The victory of the Republicans did not by any means produce the revolution in internal politics which was to be expected.
Continuing Jefferson’s Party Defeats the Federalists,
with a selection from Constitutional and Political History of the United States by Hermann Von Holst published in 1891. This selection is presented in 6.5 installments, each one 5 minutes long. For works benefiting from the latest research see the “More information” section at the bottom of these pages.
Previously in Jefferson’s Party Defeats the Federalists.
Place: Washington, D.C.
Everyone was fully conscious of the magnitude of the crisis. Bayard wrote to Hamilton on March 8th concerning the last caucus of the Federalists: “All acknowledged that nothing but desperate measures remained, which several were disposed to adopt and but few were willing openly to disapprove. We broke up each time in confusion and discord, and the manner of the last ballot was arranged but a few minutes before the ballot was given.” Some years later he repeated the assertion under oath, that there were some who thought it better to abide by their vote, and to remain without a President, rather than choose Jefferson. But reason and patriotism at length obtained the mastery. Bayard seems to have been the instrument of this decision.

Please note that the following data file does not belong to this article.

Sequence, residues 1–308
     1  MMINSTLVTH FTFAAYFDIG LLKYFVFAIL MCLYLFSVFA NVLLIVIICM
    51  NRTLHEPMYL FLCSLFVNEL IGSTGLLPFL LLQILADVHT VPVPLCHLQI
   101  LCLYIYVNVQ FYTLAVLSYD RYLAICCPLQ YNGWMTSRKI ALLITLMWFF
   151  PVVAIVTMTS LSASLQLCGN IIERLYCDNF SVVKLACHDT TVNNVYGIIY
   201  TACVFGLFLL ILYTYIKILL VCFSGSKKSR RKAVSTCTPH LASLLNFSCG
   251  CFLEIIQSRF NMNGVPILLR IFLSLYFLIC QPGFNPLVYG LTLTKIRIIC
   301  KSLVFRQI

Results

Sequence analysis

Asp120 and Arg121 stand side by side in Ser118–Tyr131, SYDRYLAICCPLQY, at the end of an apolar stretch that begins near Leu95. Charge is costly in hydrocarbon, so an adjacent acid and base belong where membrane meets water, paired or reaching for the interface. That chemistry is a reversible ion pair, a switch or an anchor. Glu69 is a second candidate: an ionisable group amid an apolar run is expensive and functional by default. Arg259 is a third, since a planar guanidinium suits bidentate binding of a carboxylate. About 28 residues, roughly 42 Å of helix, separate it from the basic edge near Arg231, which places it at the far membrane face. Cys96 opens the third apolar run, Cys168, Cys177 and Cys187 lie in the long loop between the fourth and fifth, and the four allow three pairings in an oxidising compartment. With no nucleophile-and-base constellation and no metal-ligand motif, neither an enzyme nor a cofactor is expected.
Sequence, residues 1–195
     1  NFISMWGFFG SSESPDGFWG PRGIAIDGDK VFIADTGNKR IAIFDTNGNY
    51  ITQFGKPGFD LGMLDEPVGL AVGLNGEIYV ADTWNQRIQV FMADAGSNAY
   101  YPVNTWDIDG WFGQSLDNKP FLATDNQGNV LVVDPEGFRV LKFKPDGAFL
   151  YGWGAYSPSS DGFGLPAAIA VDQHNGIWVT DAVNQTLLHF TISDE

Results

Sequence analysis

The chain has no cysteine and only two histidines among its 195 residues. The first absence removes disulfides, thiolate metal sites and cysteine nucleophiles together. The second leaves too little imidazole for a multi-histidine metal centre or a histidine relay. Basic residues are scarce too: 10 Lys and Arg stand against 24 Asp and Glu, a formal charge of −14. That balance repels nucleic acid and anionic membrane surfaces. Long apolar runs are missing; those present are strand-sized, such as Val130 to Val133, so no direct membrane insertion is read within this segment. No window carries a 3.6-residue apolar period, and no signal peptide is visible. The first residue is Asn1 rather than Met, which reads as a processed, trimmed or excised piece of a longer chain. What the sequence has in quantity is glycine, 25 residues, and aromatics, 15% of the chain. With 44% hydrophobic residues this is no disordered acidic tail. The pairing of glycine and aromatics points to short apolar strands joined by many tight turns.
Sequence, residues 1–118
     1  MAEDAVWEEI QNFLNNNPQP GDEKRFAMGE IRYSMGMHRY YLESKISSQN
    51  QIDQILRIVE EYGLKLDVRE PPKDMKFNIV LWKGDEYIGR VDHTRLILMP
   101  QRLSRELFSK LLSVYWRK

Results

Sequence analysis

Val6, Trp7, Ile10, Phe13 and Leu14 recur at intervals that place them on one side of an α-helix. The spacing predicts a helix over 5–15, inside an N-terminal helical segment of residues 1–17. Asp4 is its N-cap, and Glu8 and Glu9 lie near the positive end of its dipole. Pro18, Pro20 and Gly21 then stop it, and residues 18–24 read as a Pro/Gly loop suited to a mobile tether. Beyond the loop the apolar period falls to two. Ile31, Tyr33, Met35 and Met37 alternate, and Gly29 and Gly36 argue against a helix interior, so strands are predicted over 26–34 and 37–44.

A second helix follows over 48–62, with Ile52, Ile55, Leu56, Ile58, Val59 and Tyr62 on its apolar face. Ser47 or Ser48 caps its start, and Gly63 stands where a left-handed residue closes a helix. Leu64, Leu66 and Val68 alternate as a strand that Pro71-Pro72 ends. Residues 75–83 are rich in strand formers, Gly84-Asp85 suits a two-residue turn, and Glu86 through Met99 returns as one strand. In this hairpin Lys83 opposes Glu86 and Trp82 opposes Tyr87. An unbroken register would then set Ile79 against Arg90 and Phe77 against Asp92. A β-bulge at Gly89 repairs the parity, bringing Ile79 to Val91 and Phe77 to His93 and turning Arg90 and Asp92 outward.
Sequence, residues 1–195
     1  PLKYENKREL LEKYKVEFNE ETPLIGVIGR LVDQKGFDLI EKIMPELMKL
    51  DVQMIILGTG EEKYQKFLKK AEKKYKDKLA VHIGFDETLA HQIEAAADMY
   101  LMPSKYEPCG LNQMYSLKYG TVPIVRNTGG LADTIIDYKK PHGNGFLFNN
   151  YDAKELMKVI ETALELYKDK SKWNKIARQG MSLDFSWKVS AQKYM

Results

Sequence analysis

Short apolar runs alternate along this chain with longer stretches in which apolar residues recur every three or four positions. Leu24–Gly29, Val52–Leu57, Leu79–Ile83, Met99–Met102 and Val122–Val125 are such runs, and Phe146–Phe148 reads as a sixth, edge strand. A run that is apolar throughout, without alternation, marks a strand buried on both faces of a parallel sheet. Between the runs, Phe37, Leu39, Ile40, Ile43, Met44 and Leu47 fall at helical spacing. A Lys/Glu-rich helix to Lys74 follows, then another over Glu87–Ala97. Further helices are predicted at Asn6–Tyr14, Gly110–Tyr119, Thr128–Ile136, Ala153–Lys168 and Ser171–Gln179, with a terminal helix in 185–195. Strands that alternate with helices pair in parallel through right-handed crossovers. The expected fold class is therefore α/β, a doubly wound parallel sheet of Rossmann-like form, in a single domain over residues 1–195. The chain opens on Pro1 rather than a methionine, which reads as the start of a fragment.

How much Hamilton contributed to the defeat of the advocates of the va banquel it is not easy to estimate. Randolph, at the time a member of the House of Representatives, often expressed his conviction that the safety of the Republic was due to Hamilton. There was no difference of opinion in the two parties on this, that the victory of the stubborn Federalists would have seriously endangered the Republic.
One month before the balloting began we ﬁnd the conviction prevalent among the Federalists that the Republicans would, under no circumstances, be satisﬁed with an interregnum or with the election of Burr. James Gunn, a Federal Senator from Georgia, wrote to Hamilton on January 9th: “On the subject of choosing a President some revolutionary opinions are gaining ground, and the Jacobins are determined to resist the election of Burr at every hazard. I am persuaded that the Democrats have taken their ground with the ﬁxed resolution to destroy the Government rather than yield their point.”